A Carey woman was sentenced to a retained jurisdiction program, also known as a “rider,” after pleading guilty in May to one felony charge of possession of methamphetamine. In exchange, the prosecutor dismissed two charges of misdemeanor possession of paraphernalia and consumption or possession of an alcoholic beverage by a driver.

At the sentencing hearing Monday, Devnee Petefish, 38, said she was ready to take responsibility for her actions that led to two felony convictions of meth possession in the past seven months.

In December, Petefish was convicted and sentenced by 5th District Judge Ned Williamson to three years probation rather than prison time because it was her first felony offense. During Monday’s sentencing hearing, prosecuting attorney Matt Fredback argued that she immediately violated probation in the December case, and four months after being sentenced was again charged with meth possession after a traffic stop in Hailey that led to her arrest and a search of the vehicle, which uncovered hypodermic needles containing a liquid that later tested presumptive positive as meth.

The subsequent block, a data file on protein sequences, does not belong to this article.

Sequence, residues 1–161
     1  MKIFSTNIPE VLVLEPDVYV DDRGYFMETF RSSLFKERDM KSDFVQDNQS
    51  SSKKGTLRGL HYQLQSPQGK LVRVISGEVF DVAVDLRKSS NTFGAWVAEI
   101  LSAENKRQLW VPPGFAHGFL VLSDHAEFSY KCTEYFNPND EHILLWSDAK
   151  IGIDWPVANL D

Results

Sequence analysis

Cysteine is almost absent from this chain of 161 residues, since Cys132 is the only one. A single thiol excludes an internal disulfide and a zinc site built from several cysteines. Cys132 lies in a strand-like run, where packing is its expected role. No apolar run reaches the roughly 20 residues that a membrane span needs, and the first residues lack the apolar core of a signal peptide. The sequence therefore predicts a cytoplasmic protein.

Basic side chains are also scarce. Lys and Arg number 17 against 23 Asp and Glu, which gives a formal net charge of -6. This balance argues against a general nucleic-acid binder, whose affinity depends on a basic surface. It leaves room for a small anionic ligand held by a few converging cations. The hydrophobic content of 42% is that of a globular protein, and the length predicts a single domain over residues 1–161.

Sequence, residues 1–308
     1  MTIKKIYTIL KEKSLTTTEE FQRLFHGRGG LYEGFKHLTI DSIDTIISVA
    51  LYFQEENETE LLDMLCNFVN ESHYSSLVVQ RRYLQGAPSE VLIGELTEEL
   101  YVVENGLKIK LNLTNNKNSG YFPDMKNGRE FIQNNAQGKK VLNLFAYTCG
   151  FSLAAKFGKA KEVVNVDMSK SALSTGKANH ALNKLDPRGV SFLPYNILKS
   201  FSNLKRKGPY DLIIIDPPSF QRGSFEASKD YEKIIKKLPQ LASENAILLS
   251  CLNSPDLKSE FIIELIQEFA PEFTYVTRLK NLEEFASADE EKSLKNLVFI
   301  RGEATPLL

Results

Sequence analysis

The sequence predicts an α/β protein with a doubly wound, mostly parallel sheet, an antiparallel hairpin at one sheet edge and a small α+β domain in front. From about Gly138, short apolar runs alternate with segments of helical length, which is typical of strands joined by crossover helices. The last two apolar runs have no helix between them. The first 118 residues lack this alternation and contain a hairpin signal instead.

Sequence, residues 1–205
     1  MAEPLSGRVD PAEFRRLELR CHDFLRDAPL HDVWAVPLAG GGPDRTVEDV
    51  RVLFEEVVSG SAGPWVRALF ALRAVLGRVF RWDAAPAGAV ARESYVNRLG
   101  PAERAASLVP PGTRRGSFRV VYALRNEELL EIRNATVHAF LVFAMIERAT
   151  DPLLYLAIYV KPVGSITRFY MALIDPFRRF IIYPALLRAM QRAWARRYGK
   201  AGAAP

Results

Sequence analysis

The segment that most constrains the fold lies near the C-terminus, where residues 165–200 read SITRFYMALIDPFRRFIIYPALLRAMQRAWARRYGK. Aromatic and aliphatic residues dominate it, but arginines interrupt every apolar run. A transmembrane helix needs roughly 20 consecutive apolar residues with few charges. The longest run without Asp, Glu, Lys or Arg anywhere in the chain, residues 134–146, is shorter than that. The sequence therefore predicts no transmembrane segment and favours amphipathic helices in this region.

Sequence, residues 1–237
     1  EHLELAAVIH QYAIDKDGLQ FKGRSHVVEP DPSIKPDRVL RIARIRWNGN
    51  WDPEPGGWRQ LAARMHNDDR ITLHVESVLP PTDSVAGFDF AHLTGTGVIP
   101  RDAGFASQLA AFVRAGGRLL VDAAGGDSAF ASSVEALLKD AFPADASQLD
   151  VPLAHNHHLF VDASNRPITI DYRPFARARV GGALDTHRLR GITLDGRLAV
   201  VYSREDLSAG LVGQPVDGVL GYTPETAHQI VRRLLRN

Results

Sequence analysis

Fredback asked the court to follow his recommendations for a rider, adding that community-based treatment was not successful in the past for Petefish, who repeatedly violated her conditions of release and continued to use drugs while on probation in the December case.

Petefish’s defense attorney, Peggy Boggs, told the court that her client had used meth intravenously for 11 years and was a functioning drug addict. In total, Petefish served 77 days in jail in this case, giving her time to sober up, which Petefish said was the most difficult step in her road to recovery.

“I’ve done the hardest part,” she told the court prior to sentencing.

Williamson followed the recommendation of the prosecutor, sentencing Petefish to a suspended five-year prison term with the stipulation that she successfully complete the rider program, which will include drug-addiction treatment, within a year. Williamson also noted that this time around Petefish seemed more willing to admit her mistakes and less indifferent to accepting rehabilitative treatment options.